Tapes Demonstrate Power of Cults

As an amateur researcher into cults, I have long been aware of the tragedy at Jonestown in Guyana, and knew that there were extensive recordings of Jonestown meetings and sermons, but I didn’t know how to obtain them until I did a Google search on the Internet on the subject of “Jonestown” and found the Father Cares radio special by James Reston, Jr.. This link led me to Rebecca Moore’s website, where I found the listing of tape transcripts.

Jonestown was of particular interest to me because I viewed it as one of the most severe cult situations of the past century. I felt that the cultic manifestations — those manifestations that recur again and again within all cults — were at their most extreme in Jonestown . As an example: All cults manifest a controlled milieu. Members tend to be separated from external influences and sealed within an environment where all information, social fellowship and activities are directed at maintaining the cult’s “orthodoxy.” Orthodox behavior and, eventually, orthodoxy of thinking result. Certainly the appearance of orthodoxy becomes necessary. Those with doubts keep their thoughts to themselves.

In Jonestown this controlled milieu was as extreme as it can get. A sealed compound, in the jungle, with armed guards, far from civilization. Truly, once inside Jonestown, escape must have been nigh on impossible, and dissent inconceivable. The tapes I obtained proved of great interest to me.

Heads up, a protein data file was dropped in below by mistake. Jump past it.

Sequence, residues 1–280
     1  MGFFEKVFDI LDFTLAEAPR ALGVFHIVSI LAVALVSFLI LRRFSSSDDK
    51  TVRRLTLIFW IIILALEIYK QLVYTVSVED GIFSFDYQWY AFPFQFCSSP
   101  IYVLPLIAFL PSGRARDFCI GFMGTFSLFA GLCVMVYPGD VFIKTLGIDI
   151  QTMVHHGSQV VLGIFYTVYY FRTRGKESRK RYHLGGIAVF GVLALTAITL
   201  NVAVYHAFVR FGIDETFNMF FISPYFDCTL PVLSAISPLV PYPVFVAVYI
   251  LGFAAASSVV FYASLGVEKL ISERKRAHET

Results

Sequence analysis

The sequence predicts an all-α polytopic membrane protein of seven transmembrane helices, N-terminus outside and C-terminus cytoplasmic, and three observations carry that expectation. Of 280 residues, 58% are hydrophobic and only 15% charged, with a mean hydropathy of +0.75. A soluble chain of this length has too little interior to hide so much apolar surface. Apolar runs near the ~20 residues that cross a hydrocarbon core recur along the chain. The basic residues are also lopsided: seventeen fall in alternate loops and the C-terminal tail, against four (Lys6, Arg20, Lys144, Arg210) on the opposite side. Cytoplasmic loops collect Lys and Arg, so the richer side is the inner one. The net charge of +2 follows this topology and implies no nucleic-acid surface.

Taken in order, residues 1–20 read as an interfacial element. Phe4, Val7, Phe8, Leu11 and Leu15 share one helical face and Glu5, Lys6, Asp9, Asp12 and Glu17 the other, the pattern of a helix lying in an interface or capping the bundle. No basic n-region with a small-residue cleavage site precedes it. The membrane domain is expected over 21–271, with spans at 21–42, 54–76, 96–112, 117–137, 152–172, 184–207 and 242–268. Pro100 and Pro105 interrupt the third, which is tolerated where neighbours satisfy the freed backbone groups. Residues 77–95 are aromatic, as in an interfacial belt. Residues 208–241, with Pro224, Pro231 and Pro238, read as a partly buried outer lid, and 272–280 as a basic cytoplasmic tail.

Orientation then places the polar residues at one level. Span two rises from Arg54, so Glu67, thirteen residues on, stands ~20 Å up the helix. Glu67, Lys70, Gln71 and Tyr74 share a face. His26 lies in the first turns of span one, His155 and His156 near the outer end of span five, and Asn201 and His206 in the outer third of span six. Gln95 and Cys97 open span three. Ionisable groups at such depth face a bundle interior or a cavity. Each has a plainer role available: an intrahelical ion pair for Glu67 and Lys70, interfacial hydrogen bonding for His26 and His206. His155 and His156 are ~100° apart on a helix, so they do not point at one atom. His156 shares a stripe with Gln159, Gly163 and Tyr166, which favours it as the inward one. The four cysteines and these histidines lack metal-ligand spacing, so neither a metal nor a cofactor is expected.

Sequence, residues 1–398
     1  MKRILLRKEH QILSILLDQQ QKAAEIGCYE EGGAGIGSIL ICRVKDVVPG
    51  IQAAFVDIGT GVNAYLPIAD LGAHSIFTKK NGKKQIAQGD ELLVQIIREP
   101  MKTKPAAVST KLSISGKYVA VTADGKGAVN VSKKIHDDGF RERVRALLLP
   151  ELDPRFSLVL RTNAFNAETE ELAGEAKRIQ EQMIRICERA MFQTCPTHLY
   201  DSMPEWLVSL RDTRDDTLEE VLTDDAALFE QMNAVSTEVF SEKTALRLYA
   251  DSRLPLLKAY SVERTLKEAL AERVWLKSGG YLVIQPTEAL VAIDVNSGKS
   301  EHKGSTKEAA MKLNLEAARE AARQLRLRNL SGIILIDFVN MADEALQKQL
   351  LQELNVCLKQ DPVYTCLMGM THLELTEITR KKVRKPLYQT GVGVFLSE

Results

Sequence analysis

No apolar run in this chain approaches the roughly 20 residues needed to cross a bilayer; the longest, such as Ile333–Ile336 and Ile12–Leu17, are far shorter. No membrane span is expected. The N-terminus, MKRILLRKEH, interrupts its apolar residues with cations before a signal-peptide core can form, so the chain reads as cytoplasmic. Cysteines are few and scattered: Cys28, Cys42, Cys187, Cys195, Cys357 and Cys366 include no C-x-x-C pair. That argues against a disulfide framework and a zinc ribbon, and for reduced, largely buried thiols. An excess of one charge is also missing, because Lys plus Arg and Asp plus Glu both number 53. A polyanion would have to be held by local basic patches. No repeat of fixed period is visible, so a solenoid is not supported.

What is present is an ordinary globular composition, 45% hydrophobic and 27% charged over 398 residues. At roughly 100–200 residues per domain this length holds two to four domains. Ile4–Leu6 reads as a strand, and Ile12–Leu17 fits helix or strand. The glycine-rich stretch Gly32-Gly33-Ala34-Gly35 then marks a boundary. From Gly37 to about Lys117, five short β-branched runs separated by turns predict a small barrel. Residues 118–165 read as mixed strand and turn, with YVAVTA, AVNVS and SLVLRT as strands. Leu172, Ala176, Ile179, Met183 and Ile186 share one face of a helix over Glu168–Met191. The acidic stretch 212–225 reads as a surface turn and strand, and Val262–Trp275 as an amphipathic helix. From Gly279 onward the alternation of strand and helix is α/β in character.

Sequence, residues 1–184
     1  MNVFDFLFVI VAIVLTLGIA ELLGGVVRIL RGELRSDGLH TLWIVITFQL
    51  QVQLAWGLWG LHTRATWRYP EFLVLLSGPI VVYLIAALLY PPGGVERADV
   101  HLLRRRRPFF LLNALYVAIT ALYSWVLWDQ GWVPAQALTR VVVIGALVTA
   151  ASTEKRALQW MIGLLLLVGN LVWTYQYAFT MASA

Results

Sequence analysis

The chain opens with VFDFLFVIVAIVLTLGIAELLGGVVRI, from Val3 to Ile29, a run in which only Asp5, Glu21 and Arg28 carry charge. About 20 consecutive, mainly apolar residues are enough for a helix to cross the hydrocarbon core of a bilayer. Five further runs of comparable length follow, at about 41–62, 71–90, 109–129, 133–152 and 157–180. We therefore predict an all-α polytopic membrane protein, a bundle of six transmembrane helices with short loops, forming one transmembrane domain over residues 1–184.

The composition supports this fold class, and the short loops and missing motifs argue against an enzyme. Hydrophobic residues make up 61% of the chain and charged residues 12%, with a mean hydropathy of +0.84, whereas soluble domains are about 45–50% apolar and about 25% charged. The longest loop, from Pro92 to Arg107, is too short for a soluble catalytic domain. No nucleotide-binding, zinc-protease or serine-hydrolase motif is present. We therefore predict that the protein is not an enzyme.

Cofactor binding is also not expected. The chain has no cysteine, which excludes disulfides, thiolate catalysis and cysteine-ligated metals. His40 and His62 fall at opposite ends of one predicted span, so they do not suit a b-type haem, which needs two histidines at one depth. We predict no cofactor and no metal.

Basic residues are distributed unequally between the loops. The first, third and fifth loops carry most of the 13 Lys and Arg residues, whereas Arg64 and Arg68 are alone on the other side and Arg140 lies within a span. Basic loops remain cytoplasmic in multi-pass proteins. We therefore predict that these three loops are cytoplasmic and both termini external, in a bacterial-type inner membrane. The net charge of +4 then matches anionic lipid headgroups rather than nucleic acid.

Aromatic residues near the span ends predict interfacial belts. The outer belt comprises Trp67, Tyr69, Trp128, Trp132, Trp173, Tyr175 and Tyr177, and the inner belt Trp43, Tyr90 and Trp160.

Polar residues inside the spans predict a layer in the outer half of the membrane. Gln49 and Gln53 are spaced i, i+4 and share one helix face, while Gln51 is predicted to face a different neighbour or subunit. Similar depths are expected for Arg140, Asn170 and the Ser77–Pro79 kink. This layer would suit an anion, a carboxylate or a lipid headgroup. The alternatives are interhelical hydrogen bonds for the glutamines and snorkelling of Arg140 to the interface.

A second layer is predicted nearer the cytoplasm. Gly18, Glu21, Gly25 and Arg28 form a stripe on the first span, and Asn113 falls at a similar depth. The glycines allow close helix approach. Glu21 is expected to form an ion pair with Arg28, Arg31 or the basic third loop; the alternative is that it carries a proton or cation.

The most apparent thing in these tapes is the organizational structure that was in place for controlling the behavior and modifying the thinking of the membership. To a large degree, Jim Jones assumes the position of moderator in community meetings, taking a central course in “debates” and appearing reasonable. Many of the tapes are “cathartic.” Members are constantly singled out and accused of unorthodox behaviour and thought. It is not Jones who does the accusing, rather it is other members. Each member of the group acts as a regulator on every other member.

This is a classic cult manifestation which George Orwell demonstrates at length in his cult novel 1984. Members spying on each other, squealing on each other, public accusation, public confession, public humiliation to regulate thinking, all these cultic manifestations are here, in most extreme form. One is prompted to think it must have been most similar to Chinese Communist “thought reform” schools.

Jim Jones is a most extreme example of how a man with good intentions can go sadly astray. Surely, living in Jonestown must have been living in a hell on earth.